CAN - In the fight over Nova Scotia’s shores, Owl’s Head’s protectors push against the rising tide of development
Across Nova Scotia, conflicts over who owns the shore are increasing as coveted and costly waterfront property runs out
Beverley Isaacs stands on the seaweed-slathered rocks, on the land she helped save from becoming a golf course, and breathes in the ocean air. Walking through an overgrown trail, she points out the nectar in a pitcher plant, the saucer-shaped sheep laurel, the wild blueberry still flowering. The place is untouched, a pure piece of nature.
Had it not been for the fight of Nova Scotians such as Ms. Isaacs, much of these 266 hectaresof coastal barrens and wetlands and eight kilometres of rugged coves and beaches on the eastern shore of the province might have been bulldozed by an American developer planning to build a luxury resort.
“Owl’s Head didn’t have a voice,” Ms. Isaacs says. “So we used our voices.”
Across Nova Scotia, similar battles are being waged – to preserve public rights to the province’s shoreline in the face of expanding private development, to balance economic interests against protecting nature.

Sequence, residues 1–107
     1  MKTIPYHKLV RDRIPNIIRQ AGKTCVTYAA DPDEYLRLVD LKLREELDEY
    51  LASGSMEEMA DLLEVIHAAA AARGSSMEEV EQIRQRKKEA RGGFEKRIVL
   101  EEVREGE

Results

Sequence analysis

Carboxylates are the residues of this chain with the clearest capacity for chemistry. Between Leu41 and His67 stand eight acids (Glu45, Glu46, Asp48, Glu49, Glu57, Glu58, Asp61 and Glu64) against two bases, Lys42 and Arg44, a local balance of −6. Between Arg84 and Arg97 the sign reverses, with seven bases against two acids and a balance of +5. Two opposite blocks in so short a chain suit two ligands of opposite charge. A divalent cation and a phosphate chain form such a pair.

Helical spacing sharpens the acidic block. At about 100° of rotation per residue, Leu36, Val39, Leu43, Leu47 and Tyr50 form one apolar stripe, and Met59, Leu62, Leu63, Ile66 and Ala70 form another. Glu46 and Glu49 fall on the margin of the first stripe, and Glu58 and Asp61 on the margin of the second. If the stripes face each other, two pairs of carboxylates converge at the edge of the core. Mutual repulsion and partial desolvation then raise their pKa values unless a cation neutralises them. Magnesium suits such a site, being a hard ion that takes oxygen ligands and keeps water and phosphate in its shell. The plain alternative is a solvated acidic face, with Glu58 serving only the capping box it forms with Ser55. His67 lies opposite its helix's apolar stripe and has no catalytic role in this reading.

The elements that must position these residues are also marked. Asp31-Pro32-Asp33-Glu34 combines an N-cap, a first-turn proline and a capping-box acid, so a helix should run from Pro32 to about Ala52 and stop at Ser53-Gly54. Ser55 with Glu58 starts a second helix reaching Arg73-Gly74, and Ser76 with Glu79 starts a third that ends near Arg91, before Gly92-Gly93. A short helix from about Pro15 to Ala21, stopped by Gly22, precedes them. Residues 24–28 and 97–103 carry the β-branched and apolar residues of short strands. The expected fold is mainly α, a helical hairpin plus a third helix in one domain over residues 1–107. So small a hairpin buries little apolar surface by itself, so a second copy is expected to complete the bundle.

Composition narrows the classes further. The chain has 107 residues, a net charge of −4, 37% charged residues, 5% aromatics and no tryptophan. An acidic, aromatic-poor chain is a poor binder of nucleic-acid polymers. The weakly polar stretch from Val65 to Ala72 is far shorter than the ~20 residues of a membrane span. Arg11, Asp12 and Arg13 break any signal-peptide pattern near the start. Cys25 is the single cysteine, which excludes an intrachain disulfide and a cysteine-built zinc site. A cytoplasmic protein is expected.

In fact, in June, just as the province was officially announcing that Owl’s Head would become a provincial park, another group of residents, 200 kilometres away on the south shore, were starting their own protest to stop private construction on the edge of a sandy beach used by the community for generations.
In Halifax, the Ecology Action Centre, a conservation group, began investigating why a developer had placed a locked gate across a road leading to a wharf that locals had long used for fishing. The same month, the Nova Scotia Supreme Court ruled that a property owner had illegally blocked the public right-of-way to a path leading to Silver Sands, a Halifax-area beach popular with surfers and dog walkers.
These conflicts over who owns the shore are only increasing as coveted and costly waterfront property runs out, and private and public interests clash. Meanwhile, nature is having her own say, with sea levels rising and erosion slicing away the coastline. Next year, Nova Scotia is slated to bring into effect a new Coastal Protection Act that will require new developments to meet regulated setbacks from the water, which will be based on the projected impact of climate change.
The legislation may ensure that new houses are built more safely, but it doesn’t resolve the issues of public access to the shore. Already in Nova Scotia, more than 80 per cent of 13,000 kilometres of coastline sits in private hands, says Will Balser, the coastal adaption co-ordinator for the Ecology Action Centre. Conflicts over use have increased over the past few years, he says, because of a building boom in the province and a shopping spree for waterfrontage.